That did cause Ian some concern. Few human beings ever had manines as friends. They tended to be driven by emotion and could abandon someone on a whim.
“Wait a minute; you said he lives to be 58,” said Ian.
“Yeah, I know it sounds stupid, but if you saw him, you’d know he’d never make it. He’s gentle, cries easy, and he’s a bit naive.”
She stared as Ian waited. Apparently she believed she hadn’t convinced him of her point.
“He’s strong, Ian, but he’s not tough like you. He’ll never make it!”
She sobbed, clutching Ian’s hand tightly.
After a time, he gently sighed. “He’s had a bullying father.”
Lisa looked at him indignantly.
“So you’re a psychologist too?”
Ian ignored the slur on his intelligence. Lisa only spoke out of genuine concern for the boy on the projector.
“No, but I know something about it,” said Ian. “A boy goes one of two ways when he has a father who stands over him. They either become hardened and hit back or they become a cowering wreck, afraid of their own shadow. It seems your boy went the other way.”
“I know first hand that the weak never survive.”
“No, they don’t,” Ian agreed. “But you said he lives to be 58. I wouldn’t worry. He gets strength from somewhere. Now that his dad’s gone, he’ll have no one to belittle him anymore. You watch; he’ll get stronger now.”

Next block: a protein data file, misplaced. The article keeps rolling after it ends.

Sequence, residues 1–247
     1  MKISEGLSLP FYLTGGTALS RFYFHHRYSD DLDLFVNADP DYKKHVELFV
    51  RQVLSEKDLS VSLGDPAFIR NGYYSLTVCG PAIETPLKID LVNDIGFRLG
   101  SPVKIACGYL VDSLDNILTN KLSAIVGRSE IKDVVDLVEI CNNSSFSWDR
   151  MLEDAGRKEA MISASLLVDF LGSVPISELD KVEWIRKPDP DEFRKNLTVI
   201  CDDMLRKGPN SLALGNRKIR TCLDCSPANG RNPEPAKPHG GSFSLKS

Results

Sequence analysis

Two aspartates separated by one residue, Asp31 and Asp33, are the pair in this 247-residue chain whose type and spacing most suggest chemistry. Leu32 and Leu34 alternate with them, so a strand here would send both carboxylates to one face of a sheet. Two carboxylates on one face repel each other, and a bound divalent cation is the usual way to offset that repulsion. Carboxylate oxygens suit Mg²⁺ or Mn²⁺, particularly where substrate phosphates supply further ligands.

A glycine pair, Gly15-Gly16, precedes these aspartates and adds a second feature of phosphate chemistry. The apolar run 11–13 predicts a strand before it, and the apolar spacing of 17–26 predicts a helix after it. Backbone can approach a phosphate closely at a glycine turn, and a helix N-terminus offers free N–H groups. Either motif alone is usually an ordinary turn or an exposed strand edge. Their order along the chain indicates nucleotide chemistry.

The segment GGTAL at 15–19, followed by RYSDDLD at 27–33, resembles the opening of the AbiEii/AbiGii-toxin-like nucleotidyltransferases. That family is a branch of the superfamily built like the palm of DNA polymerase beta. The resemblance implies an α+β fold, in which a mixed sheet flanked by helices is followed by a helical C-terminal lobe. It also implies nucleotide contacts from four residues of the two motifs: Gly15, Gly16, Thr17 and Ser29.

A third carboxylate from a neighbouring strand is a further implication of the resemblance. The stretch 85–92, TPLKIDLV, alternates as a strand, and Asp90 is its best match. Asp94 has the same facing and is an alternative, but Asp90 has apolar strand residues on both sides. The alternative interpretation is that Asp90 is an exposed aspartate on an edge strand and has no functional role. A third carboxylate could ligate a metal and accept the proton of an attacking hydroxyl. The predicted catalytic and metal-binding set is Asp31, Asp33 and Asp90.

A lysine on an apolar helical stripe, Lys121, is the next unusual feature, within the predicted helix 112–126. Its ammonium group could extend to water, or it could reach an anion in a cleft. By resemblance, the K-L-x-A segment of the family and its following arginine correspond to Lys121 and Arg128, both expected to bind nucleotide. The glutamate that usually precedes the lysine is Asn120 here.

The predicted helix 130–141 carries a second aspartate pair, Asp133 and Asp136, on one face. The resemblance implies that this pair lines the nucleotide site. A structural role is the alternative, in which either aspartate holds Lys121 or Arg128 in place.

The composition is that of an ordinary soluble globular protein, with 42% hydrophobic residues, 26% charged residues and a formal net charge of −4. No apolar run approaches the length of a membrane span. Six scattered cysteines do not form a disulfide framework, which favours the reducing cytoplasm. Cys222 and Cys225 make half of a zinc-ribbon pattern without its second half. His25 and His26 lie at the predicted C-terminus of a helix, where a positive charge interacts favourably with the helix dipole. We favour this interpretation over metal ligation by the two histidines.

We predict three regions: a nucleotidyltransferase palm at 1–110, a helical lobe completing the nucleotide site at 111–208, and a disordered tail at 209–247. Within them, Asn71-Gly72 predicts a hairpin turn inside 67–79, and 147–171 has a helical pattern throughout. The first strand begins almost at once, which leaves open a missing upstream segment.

A faint smile etched itself on her face.
Ian sensed an air of serenity.
“What are you thinking?” Only women say that he berated himself.
“I just find it a comfort to talk to you, Ian. You seem to understand him.”
Ian nodded. “We are the same; just different people who made different choices in different times.”
“Would you mind if I talked to you again about this?”
Ian looked thoughtful.
“I mean on a regular basis?”
“I thought you couldn’t talk about this.”
“No; I’m not supposed to. I can only talk to my boss. I love him like a father; the only thing is, he’s a manog, so you understand…”
“… I have a better perspective?” Ian finished.
“Please say “yes.” The only thing is; you can’t tell anyone.”
“I’d love to. You’ll find me in here any night you want to talk. There’s one condition though.”
Lisa looked surprised.
“You’ve got to tell me his name.”
She worked her lips, before answering.
Ian closed his eyes; relieved. At last, he could put a name to the bones he found in the stormwater pipe.